Swipe ideas from some of the best Facebook ads
Whilst these types of graphic (using illustrations of people rather than photos) are commonplace, they seem to be pretty effective.
The copy is short but effective, and cleverly opens with the word 'people'. After all, marketing and advertising IS all about people.
The ad also uses the classic 'how to' copy that is designed to get you thinking about answers, rather than treating it as an advertisement.
Advertiser: Alli AI
Find 150-200 niche backlinks in the next 90 minutes is the opening line to this ad, and it sums it up nicely what you're going to be getting for your money.
If you're in the digital marketing industry, as I am, then you'll know how valuable this is by default - there's not much more explaining that is needed. But the next sentence is clever, because it then asks a question.
This breaks the normal convention of opening with a question and then giving the reader the benefits.
Using screenshots of the product in action is also a tried-and-tested technique to give the reader an idea of what to expect.
However, from a digital marketing perspective I'm going to advise you not to use services like these, because they're against the terms of Google, and may land your website with a penalty that'll feel like you've gone to prison.
Advertiser: Awards Intelligence
Back in the earlier years of the internet, freebies were what it was all about. And with this ad by Awards Intelligence, they understand that this is as relevant today as it was 20 years ago.
I don't think anyone will be under no illusions as to what's going on here... it's a classic magnet so that they can capture your details as a lead. As much as we know that, it's still a great tactic for getting people engaged with a brand.
Great use of visuals, although I would be tempted to include a photograph of a real person holding an award or a medal.
Notice the call-to-action button too ('Download Now'). Although it's not really a button (the whole ad is the button), it acts as a motivational trigger to get people to act now.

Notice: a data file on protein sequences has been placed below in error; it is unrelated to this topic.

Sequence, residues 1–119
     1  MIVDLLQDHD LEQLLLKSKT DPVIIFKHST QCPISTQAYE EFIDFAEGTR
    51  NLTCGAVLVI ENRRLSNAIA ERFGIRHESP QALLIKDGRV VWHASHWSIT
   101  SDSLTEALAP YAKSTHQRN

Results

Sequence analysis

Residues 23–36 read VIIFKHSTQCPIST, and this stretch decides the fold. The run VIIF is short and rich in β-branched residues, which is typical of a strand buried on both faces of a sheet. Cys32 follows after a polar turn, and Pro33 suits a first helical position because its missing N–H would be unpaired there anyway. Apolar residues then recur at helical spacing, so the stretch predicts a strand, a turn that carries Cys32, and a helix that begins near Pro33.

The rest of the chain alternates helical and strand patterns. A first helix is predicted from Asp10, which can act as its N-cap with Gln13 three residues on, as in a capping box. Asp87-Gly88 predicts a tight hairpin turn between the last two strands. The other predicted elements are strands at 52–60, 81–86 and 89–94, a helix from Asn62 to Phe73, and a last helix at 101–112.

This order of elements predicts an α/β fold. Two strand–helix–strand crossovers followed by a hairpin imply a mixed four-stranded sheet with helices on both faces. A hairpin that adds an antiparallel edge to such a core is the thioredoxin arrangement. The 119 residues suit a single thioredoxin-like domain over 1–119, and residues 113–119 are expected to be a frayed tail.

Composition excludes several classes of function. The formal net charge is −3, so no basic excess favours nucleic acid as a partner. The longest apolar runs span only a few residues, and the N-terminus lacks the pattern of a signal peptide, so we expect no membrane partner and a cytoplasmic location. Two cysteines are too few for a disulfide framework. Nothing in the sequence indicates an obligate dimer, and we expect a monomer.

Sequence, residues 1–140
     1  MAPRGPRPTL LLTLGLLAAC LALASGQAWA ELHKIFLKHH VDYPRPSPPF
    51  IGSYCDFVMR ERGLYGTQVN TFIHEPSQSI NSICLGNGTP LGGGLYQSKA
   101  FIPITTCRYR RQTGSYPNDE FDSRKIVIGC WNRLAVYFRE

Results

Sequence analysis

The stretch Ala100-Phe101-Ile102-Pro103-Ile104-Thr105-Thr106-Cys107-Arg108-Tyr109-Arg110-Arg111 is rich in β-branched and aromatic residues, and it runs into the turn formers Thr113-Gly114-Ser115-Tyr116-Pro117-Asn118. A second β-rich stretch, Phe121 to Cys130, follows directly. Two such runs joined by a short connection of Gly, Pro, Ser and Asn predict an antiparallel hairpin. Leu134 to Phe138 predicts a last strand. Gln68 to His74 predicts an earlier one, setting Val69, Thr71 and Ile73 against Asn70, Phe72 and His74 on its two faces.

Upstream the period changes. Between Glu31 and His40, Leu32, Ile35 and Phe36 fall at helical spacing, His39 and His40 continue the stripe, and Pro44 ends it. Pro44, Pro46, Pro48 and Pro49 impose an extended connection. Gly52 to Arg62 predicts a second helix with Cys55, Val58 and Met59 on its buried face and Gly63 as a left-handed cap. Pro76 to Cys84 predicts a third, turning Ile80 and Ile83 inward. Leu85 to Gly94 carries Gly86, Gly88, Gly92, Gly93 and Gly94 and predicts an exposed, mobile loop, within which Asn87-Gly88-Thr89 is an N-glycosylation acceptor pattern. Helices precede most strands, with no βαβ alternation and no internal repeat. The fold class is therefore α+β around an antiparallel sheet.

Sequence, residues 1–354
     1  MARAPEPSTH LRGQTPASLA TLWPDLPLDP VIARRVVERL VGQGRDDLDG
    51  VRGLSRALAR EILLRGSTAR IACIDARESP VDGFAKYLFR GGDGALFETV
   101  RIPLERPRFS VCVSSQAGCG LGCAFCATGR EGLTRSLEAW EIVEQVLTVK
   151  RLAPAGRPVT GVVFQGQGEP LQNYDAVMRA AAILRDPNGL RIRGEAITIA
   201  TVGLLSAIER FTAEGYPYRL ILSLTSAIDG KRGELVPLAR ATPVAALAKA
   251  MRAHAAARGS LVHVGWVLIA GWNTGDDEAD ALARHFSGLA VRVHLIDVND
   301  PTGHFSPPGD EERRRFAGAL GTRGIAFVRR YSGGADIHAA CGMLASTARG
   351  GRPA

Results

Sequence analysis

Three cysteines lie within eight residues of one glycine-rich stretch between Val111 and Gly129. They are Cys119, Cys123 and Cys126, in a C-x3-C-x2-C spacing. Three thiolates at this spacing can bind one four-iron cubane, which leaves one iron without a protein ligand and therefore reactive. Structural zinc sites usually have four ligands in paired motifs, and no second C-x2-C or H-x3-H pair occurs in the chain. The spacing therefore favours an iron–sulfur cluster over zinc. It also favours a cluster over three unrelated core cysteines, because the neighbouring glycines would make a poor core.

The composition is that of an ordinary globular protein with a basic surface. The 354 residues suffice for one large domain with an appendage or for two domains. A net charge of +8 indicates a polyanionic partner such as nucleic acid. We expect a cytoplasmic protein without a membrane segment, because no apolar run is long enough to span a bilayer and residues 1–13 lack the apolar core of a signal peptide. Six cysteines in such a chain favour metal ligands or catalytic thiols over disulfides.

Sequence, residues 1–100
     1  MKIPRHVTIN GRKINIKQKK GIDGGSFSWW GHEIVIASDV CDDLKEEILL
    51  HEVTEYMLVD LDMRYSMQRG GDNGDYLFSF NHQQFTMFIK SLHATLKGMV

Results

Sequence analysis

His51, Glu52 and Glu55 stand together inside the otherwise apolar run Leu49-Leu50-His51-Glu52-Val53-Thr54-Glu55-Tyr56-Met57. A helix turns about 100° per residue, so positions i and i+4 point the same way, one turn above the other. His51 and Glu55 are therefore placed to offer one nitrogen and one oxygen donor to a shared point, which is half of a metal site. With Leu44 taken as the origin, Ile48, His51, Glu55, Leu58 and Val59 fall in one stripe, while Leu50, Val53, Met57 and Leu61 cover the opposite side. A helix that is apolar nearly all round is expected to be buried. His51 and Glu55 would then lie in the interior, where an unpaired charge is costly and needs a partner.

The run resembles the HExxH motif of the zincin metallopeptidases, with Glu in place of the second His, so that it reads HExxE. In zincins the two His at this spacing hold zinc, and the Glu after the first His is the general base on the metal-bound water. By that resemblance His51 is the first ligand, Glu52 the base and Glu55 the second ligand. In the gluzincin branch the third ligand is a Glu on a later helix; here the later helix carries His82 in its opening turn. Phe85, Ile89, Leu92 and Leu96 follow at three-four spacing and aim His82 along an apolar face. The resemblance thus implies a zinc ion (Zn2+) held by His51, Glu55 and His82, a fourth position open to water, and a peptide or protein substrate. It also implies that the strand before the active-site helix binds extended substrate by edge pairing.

Advertiser: Click Intelligence
This copy opens with a question, which is always an effective way of getting people thinking right out of the blocks.
Below that, there's another hypothetical question with just one answer: 'yes!'. This is a classic sales technique. Getting someone to say yes is a compliance technique that helps people to justify their actions.
Note the green icons too - which accomplish the same thing.
There's a little bit of tidying up of the grammar needed in the graphic, but overall this is a strong ad with some excellent copy.
Advertiser: Currys PC World
Currys use of the pun don't lose your cool to advertise a fridge may only be mildly amusing (and perhaps a little predictable), but it's the video which really captures your attention in this ad.
I'm afraid that I couldn't show you the video itself, but it shows a close-up of the main features of the fridge. I'd have liked to have seen the use of real people involved in the video, though.
Dyson clearly understand that the judicious use of displaying products actually being used works well with consumers. It helps them to visualise what those products can be used for. Its the closest thing to actually having the product in your hands (a tactic that sales people have relied on for decades).
Let's be honest, their products are visually striking too, with strong bold (but simple) colours that grab your attention by the eyeballs.
The inclusion of the price is wise. People naturally think that a Dyson is going to cost a lot more money, so it breaks the myth.
A money-back guarantee is there to take away the risk and concern (it's still a big purchase) and to build trust and reassurance.
And because we consumers are an impatient lot, the next day delivery copy satisfies that nicely.
Chances are that as a business owner you'll be using one of the services advertised by their logos in this ad for your marketing actuvities, whether it's Mailchimp, WordPress, Amazon, Facebook etc.
These instantly-recognisable icons have been used in order to create familiarity right out of the blocks, which automatically reduce friction. When you already use something, it's far easier to sell a related product if some familiarity already exists.